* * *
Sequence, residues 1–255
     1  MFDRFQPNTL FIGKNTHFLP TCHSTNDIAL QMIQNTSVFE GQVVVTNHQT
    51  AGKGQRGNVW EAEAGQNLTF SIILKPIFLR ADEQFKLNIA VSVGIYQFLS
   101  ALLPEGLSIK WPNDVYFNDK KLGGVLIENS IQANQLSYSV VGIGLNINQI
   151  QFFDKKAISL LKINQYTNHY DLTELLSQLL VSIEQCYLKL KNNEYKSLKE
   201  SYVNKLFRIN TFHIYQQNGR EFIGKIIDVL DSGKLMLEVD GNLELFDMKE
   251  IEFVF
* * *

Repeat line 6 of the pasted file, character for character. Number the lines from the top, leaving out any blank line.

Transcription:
   201  SYVNKLFRIN TFHIYQQNGR EFIGKIIDVL DSGKLMLEVD GNLELFDMKE